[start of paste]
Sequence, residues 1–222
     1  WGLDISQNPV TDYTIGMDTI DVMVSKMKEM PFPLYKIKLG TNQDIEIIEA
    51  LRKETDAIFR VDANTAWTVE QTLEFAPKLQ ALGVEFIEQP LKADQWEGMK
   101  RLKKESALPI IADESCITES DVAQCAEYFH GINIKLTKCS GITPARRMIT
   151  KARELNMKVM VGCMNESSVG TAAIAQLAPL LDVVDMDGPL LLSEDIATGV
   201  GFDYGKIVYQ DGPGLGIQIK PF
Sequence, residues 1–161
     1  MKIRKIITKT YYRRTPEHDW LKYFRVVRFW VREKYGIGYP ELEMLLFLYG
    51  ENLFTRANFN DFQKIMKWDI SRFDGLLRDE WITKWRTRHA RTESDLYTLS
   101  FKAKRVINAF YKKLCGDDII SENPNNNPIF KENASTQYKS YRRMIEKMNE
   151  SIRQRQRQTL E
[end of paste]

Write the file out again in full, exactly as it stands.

Sequence, residues 1–222
     1  WGLDISQNPV TDYTIGMDTI DVMVSKMKEM PFPLYKIKLG TNQDIEIIEA
    51  LRKETDAIFR VDANTAWTVE QTLEFAPKLQ ALGVEFIEQP LKADQWEGMK
   101  RLKKESALPI IADESCITES DVAQCAEYFH GINIKLTKCS GITPARRMIT
   151  KARELNMKVM VGCMNESSVG TAAIAQLAPL LDVVDMDGPL LLSEDIATGV
   201  GFDYGKIVYQ DGPGLGIQIK PF
Sequence, residues 1–161
     1  MKIRKIITKT YYRRTPEHDW LKYFRVVRFW VREKYGIGYP ELEMLLFLYG
    51  ENLFTRANFN DFQKIMKWDI SRFDGLLRDE WITKWRTRHA RTESDLYTLS
   101  FKAKRVINAF YKKLCGDDII SENPNNNPIF KENASTQYKS YRRMIEKMNE
   151  SIRQRQRQTL E